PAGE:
Marie Selby Botanical Gardens' orchid exhibit showcases biodiverse beauties
There's more to The Orchid Show: 'Endless Forms' than meets the eye.
| 6:00 p.m. November 5, 2018
Arts + Culture
Angel Lara recently created a roller coaster out of orchids.
Well, that was the original idea, but it morphed into a DNA helix-shaped structure he calls an orchid ribbon instead. It’s currently on display at Marie Selby Botanical Gardens.
Planning elements like this for Selby’s 2018 Orchid Show: “Endless Forms” was no simple feat. But as a veteran exhibit designer (and greenhouse manager) at the gardens, Lara was up for the challenge.
The theme of the show is diversity of forms to teach visitors that there are way more orchid species in existence than they probably realize (that’s more than 25,000 species for those testing themselves). Those species also come in a variety of shapes and sizes that don’t always fit the image of grandma’s favorite floral centerpiece.
When he first started designing the exhibit, Lara says he was focusing too much on shape, and his vision became overly geometric. He scratched his original plans and instead landed on a DNA theme as a way to symbolize plant diversity.
“DNA is a core botanical tool,” Lara says. “What makes us different? Genetics.”
The 160-foot orchid ribbon literally and figuratively carries this design theme throughout the show. His original idea was to construct a double helix of orchids, but that was before he realized how hard it would be to put up just one. He’s glad he stuck with a single strand, whose curves loop across the ceiling of the greenhouse with plants that are often suspended at a 90-degree angle or completely upside-down.
Lara’s orchid ribbon was put together in 10-foot sections, each of which took six people to install. The PVC-pipe structure was put up first without flowers, and was then moved around using carabiners. Then, hardware cloth (a chicken wire-like material) was added to the back to secure the bromeliads and orchids that complete it. Each plant stands up straight thanks to a bamboo stake to which it’s zip-tied.
“Endless Forms” also features an orchid infinity loop that was first designed in the shape of a Möbius strip, aka a form — common in mathematics — with one continuous side created by twisting one end of a rectangular strip 180 degrees and joining it with the other end.
But that concept, much like that sentence, was too complicated. Instead, Lara decided to make it a loop in a shape that is having quite a moment on Pinterest (at least one millennial in your life probably has an infinity tattoo or necklace). Visitors looking to document their experience on social media should take a stroll under the large orchid infinity loop with their phone camera pointed up.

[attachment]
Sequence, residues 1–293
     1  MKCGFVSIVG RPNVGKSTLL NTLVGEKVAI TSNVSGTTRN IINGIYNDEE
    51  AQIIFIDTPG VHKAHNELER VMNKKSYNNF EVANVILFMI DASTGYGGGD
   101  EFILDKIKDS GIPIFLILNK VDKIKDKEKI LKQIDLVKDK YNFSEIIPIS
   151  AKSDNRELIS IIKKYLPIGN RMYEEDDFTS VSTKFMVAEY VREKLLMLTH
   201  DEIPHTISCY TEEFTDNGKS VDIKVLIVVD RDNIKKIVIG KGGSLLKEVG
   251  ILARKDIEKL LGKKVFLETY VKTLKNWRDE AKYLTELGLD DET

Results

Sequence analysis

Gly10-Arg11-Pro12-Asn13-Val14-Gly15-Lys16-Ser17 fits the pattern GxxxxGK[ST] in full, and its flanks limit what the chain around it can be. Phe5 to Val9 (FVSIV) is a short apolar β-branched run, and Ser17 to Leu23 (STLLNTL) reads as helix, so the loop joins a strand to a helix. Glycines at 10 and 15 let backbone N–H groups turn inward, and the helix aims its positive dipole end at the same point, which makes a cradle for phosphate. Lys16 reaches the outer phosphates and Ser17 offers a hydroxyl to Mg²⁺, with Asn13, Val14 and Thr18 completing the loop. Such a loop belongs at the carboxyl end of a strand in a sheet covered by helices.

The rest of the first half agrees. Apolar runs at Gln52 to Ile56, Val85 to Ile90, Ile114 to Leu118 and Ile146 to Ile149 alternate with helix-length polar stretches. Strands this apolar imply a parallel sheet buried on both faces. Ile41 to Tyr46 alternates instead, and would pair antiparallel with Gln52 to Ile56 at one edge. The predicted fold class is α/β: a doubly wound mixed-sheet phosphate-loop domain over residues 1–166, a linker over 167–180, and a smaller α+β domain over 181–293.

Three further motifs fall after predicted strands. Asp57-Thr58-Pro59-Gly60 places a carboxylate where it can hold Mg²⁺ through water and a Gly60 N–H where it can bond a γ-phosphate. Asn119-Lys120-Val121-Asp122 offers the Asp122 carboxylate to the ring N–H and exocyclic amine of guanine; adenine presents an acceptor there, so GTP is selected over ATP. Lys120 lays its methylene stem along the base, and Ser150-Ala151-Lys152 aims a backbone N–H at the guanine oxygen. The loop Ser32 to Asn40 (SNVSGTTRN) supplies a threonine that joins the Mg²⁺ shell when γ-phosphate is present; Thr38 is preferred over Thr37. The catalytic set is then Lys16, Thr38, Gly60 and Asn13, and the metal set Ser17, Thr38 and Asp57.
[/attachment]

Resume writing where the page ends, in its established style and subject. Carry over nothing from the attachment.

The DNA design also shows up in the education stations scattered throughout the greenhouse. These five podiums are for visitors to read material offering an in-depth look at subtopics of orchids, such as stems, flowers, roots, leaves, etc., and the function each serves in the orchid kingdom.
“This show focuses on us and what we do,” Lara says. “Conservation of orchids, collection of orchids, botanical inventory and all that jazz.”
Whether visitors are coming to see pretty orchids in a variety of aesthetically pleasing colors and designs or they are genuinely curious about the science behind these plants, Lara says this exhibit can pique any guest’s interest.
“It’s educational, but it still needs to be an orchid show,” he adds. “It still needs to have globs of color and just masses of orchids because that satisfies so many different demographics … the husband who doesn’t want to be here, the kid running around trying to find fish, all that.”
The show is also accessible in that not all of the orchids on display are rare specimens from Selby’s extensive collection (though they have plenty of those, some of which have been at the gardens for decades). Many orchids on display are plants anyone could buy at Home Depot or even Publix, Lara says.
But that’s not all. David Berry, associate director of academic affairs and special projects at The Ringling, also curated a complementary exhibit in the Payne Mansion’s Museum of Botany & the Arts that will showcase rare preserved orchid specimens and botanical prints. The goal of this aspect of the Orchid Show is to educate visitors about the various forms of botanical evidence tools used by plant researchers.
Rare botanical books from the Selby Gardens Research Library will also be released from the vault.
So, why should people care about an exhibit on the diversity of orchids?
“They’re more than a pretty family,” Lara says. “When people learn about what we have here, their eyes light up.”